Texas Football: 4 reasons why Longhorns can dominate Kansas State

T'Vondre Sweat, Texas football. Mandatory Credit: Scott Wachter-USA TODAY Sports
T'Vondre Sweat, Texas football. Mandatory Credit: Scott Wachter-USA TODAY Sports /
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Xavier Worthy, Texas football
Xavier Worthy, Texas football /

Kansas State doesn’t have the speed in the secondary to contain Texas’ skill weapons from creative explosive plays

Suppose Texas had redshirt sophomore quarterback Quinn Ewers available to start this weekend against Kansas State at home. In that case, I don’t think the Longhorns faithful would be nearly as worried about the Wildcats’ upset bid. But with redshirt freshman quarterback Maalik Murphy getting the start for the second week in a row while Ewers is out with the shoulder injury, the potential of costly turnovers and a limited offensive gameplan through the air has Texas fans cautiously optimistic about their chances against Kansas State.

Murphy played well for the Longhorns after a rocky start with a couple of turnovers in the win over BYU at home last week. He responded well in the final 45 minutes of the game against BYU, throwing for over 125 yards, two passing touchdowns, and no interceptions.

Kansas State poses a bigger challenge for Murphy and the Longhorns than they faced last weekend against BYU. While BYU does have some experienced and productive starters on defense, Kansas State boasts a better offense and a better secondary.

The Wildcats can keep Texas’ offense on the sidelines for longer in this game, thanks to Kansas State boasting one of the best ground games in the Big 12. Kansas State’s secondary also drastically limited the production of most passing attacks they’ve faced in the last four or five games.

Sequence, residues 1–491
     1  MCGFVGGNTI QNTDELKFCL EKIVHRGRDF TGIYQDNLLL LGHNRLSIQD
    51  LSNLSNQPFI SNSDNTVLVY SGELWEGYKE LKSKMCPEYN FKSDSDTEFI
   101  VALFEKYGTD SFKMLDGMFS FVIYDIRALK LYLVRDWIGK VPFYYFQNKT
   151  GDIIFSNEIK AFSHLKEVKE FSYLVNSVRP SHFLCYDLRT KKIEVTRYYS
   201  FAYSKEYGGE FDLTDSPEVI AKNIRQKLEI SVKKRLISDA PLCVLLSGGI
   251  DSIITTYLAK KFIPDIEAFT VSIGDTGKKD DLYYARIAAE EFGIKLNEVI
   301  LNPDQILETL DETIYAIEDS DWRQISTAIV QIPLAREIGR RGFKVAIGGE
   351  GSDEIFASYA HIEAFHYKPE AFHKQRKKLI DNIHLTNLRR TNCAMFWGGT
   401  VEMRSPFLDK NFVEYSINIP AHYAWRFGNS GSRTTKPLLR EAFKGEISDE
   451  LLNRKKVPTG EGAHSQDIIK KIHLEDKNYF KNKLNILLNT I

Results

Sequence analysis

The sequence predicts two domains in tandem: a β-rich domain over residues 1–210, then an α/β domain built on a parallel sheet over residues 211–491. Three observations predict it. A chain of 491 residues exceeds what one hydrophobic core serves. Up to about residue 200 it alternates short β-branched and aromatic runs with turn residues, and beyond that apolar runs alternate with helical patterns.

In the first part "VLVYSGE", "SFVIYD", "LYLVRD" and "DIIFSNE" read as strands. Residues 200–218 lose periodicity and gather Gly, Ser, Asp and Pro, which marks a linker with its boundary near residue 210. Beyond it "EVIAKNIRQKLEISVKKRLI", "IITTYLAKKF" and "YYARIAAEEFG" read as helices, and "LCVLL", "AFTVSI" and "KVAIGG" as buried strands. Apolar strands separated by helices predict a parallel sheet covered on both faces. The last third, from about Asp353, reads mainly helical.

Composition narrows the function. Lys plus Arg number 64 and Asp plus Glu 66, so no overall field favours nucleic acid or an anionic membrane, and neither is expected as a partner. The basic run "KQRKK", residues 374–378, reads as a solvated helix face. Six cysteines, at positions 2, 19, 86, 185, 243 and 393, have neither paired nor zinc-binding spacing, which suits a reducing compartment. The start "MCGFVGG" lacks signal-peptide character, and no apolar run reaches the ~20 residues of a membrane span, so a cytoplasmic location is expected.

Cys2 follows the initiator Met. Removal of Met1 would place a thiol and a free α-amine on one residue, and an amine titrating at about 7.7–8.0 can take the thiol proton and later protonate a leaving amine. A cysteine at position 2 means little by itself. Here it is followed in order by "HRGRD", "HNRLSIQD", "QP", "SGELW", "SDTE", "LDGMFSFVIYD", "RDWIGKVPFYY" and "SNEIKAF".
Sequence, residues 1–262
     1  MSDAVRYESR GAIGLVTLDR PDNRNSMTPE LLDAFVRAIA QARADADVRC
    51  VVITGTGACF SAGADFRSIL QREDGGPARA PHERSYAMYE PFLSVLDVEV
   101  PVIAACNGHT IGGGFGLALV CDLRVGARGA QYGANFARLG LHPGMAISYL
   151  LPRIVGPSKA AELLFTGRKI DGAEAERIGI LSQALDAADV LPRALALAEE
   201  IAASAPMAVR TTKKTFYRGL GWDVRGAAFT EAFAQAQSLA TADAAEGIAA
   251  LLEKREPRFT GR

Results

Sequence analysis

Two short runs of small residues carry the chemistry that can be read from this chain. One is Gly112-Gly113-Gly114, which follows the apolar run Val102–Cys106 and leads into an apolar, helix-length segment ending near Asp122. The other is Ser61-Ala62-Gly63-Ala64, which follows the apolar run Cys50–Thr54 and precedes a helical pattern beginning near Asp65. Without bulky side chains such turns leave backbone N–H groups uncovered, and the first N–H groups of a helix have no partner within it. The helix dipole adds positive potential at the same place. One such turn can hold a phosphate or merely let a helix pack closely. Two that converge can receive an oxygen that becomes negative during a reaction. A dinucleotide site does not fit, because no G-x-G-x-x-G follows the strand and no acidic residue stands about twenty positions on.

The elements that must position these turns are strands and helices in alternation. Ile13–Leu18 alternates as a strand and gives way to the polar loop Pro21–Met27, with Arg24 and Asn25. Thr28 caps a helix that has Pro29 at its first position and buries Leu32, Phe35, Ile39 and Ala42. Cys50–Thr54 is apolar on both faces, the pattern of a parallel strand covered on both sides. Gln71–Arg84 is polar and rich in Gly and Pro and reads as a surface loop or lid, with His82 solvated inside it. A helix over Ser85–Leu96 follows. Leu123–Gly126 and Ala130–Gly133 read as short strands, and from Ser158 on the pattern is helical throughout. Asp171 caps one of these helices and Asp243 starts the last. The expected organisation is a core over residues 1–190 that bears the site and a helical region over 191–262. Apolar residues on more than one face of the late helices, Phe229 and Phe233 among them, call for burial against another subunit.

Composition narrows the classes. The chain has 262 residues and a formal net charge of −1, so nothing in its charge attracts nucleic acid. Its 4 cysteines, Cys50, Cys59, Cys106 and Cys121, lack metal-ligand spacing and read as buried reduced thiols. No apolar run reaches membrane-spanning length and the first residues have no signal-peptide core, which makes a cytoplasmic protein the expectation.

Kansas State allowed just one passing touchdown in its last four games, including the loss to Oklahoma State on the road in Week 5. A combination of keeping opposing offenses out of the red zone completely with two huge defensive efforts in its last two wins and solid red zone defense when opponents do get into the red area has made it extremely difficult to get into the end zone on them through the air.

The Wildcat defense is one of just three in the FBS this season that has allowed one or fewer red zone passing touchdowns (per NCAA stats).

Given the struggles Sark and the Longhorns had this season punching the ball in the end zone once they get in the red area, Kansas State will pose a big test in this part of the field for Murphy and the offense.

Texas can exploit other parts of the Kansas State defense to get in the end zone this weekend. One way Texas can get in the end zone without overcoming their red zone woes on offense is to create explosive plays. The Longhorns can get their playmakers at the skill positions in space and over the top on Kansas State’s defense to get a couple of big play-touchdowns this weekend.

Murphy has a big arm and can throw the deep ball well. He beat BYU on an explosive play over the top for a 30-yard touchdown pass to junior wide receiver Adonai Mitchell last week.

Given that the two weaknesses of the Kansas State 3-3-5 flyover defense in coverage are defending the deep ball and covering space on the underneath stuff, Texas’ offensive gameplan should find ways to exploit them on Saturday. Kansas State doesn’t have the speed in the secondary to contain big plays from explosive skill guys, especially in the deep passing game.

The Wildcats have allowed the second-most deep ball completions (12) and the fourth-most deep passing yards in coverage (467) of any Big 12 defense against Power Five offenses.

Sark will give Murphy some easy first-read throws underneath and potentially utilize the deep shot a few times, similar to what we saw against BYU last weekend. Texas has more speed and elusiveness in their receiving corps than Kansas State can match up against one-on-one. Eventually, Texas will break a couple of plays for big gains if Murphy is on point getting the ball to his playmakers in the passing game against Kansas State.